This chapter describes the notification of confirmed positive, indeterminate and false-positive microbiological test results to donors and the circumstances and objectives of the subsequent discussion. We have based our chapters on extensive experience and describe examples of arrangements in England.
The procedures described in this chapter have been developed over many years. Historically, notification of donors with significant test results began within the National Blood Service (NBS) in the early 1970s with the introduction of routine screening for hepatitis B virus (HBV).
The introduction of screening tests for antibody to human immunodeficiency virus (HIV) throughout the UK in October 1985 initiated a more formal approach to ‘donor counselling’, and the NBS, which covers England and North Wales, now has national formal standard procedures for donor notification. The role and value of HIV counselling consultation meetings, which began in 1985, and which have now been widened to include discussion of issues relating to other microbiological markers, has also been recognized (Miller et al., 1989).
In addition, as part of the National Health Service, the NBS has excellent links with hospital clinicians and general practitioners, which facilitates donor referral to specialist services. Within England there are 12 blood centres which deal in an average year with 200–300 confirmed infections out of approximately 2 to 2.25 million blood donations (see Table 23.1).
The majority of these infections will be detected in first-time blood donors.
This chapter is primarily concerned with the investigation of reports of infection in transfusion recipients, in order to determine whether the infection was transmitted to the patient by transfusion. In addition, the question of ‘look-back’ is briefly considered. We describe our experience in the National Blood Service (NBS), England.
The NBS provides a service to England and North Wales from 12 centres sited throughout the country. All staff involved in the investigation of post-transfusion infection work to national policies and procedures which have been developed as a result of experience over the last 25 years.
The NBS is part of the National Health Service and therefore has strong links and good communication with hospital clinicians, hospital transfusion laboratories and general practitioners. Since the late 1990s there have been NBS hospital liaison staff whose role is to work closely with the hospital transfusion laboratories and hospital transfusion committees. This initiative has strengthened the flow of information and communication between the NBS and the hospitals it serves.
Reports of possible infection associated with blood transfusion may arise from a number of sources, but within the NBS all reports reach one central office which has close links with the Serious Hazards of Transfusion scheme (SHOT). (Please refer to Chapter 21) Although the investigation of possible transfusion-transmitted infection involves liaison locally with hospitals and donors, the process is managed centrally within the transfusion microbiology clinical function of the NBS and each case is reviewed at the close of the investigation.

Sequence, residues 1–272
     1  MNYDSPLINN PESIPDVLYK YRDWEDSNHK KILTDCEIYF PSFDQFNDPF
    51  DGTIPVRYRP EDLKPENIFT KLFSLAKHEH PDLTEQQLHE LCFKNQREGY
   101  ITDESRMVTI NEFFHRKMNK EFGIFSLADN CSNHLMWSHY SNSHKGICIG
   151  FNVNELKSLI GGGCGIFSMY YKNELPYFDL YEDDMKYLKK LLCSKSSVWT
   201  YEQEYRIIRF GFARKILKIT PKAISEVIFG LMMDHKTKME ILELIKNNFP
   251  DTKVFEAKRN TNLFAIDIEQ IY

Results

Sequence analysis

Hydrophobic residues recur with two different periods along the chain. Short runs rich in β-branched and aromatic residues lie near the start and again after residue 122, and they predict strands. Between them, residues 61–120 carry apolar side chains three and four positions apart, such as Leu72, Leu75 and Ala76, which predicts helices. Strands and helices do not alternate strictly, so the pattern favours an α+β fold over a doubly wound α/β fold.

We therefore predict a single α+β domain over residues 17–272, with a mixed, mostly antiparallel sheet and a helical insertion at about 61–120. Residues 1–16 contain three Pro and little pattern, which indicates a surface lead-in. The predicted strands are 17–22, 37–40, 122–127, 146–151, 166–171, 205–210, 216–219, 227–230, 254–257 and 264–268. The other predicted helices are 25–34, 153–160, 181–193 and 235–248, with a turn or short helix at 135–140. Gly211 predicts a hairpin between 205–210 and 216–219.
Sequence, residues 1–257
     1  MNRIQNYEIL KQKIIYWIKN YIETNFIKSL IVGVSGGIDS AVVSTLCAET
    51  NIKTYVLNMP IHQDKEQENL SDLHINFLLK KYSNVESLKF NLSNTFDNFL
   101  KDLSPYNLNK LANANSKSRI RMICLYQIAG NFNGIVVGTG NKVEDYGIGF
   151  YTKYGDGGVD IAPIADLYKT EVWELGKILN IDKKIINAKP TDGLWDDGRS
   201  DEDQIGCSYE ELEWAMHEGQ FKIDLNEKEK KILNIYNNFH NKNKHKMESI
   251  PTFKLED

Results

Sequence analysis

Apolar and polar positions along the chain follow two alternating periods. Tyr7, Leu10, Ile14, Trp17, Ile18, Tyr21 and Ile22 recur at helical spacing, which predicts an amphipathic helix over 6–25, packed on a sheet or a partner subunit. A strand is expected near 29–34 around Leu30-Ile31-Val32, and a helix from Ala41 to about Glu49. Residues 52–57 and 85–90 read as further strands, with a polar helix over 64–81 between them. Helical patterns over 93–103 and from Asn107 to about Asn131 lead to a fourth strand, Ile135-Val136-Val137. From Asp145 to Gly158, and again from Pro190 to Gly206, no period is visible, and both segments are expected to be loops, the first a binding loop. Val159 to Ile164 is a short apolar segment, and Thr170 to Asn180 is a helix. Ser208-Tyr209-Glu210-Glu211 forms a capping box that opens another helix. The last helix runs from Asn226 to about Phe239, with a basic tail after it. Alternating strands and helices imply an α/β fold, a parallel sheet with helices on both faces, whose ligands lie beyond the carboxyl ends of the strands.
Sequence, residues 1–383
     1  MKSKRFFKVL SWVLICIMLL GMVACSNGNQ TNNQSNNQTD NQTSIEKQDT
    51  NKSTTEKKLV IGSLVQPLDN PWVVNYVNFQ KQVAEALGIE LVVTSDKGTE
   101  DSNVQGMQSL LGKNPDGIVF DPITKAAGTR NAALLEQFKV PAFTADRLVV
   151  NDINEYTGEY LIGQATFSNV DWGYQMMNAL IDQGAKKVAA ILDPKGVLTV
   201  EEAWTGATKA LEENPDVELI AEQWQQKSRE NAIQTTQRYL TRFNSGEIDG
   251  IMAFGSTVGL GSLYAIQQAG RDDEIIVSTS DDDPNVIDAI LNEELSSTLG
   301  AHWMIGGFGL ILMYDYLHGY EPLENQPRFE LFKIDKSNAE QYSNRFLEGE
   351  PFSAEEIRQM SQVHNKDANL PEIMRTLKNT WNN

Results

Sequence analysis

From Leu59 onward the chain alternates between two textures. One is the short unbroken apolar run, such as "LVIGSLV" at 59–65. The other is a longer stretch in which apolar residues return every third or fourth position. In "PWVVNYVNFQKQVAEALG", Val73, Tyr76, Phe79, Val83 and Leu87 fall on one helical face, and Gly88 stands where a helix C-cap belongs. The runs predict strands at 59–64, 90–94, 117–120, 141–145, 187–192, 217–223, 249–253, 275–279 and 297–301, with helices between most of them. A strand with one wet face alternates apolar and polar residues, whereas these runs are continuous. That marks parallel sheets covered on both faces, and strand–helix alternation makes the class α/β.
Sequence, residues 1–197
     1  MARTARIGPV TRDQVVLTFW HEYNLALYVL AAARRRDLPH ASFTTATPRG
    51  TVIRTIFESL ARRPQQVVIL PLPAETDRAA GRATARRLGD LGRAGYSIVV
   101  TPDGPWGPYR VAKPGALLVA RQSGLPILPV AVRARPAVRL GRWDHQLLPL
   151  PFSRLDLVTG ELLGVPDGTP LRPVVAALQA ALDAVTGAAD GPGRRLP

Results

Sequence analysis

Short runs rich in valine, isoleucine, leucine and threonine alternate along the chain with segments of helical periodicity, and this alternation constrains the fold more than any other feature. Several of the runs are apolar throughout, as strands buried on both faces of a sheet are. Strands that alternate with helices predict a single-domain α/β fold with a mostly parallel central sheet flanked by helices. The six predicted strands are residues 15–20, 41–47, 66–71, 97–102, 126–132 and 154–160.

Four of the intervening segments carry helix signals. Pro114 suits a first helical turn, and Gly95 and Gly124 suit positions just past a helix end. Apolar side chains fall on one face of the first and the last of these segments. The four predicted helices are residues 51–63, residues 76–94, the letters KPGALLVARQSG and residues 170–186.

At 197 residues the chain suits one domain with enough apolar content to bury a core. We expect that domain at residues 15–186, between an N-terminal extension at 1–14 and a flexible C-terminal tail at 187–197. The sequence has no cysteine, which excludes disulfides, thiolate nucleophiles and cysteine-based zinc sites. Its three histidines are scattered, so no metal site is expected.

Prion diseases include a spectrum of disorders in animals and man (see Table 9.1). Scrapie, endemic in sheep and goat populations throughout most of the world, was first recognized over 250 years ago and was demonstrated to be experimentally transmissible in 1936. Chronic wasting disease (CWD) is endemic in Rocky Mountain elk, white-tailed deer and mule deer in several areas of the USA and is increasing in both incidence and geographic distribution. The routes by which these two endemic prion diseases are transmitted remain unclear. Transmissible mink encephalopathy was first recorded to have occurred in 1947 in farmed mink in Wisconsin and was probably transmitted through prion infected food.
Bovine spongiform encephalopathy (BSE) was first recognized in the UK in 1985/86 (Wells et al., 1987). Affected cattle become apprehensive, hypersensitive, ataxic and generally difficult to handle, giving rise to the common name of mad cow disease. It remains unclear whether BSE arose spontaneously in cattle or resulted from transmission of scrapie from sheep, but onward transmission is thought to have occurred through the practice of feeding cattle ruminant-derived meat and bone meal. Over 180,000 clinical cases of BSE have been reported in the UK since 1985, though the annual incidence has now fallen to just over 100 cases per annum. Over 4500 infected cattle have been detected elsewhere, mainly in Europe, the majority associated with the export of BSE infected cattle or meat and bone meal from the UK. It is estimated that between 1 and 2 million cattle may have become infected and entered the human food chain before developing evidence of clinical disease (Donnelly et al. 2002).
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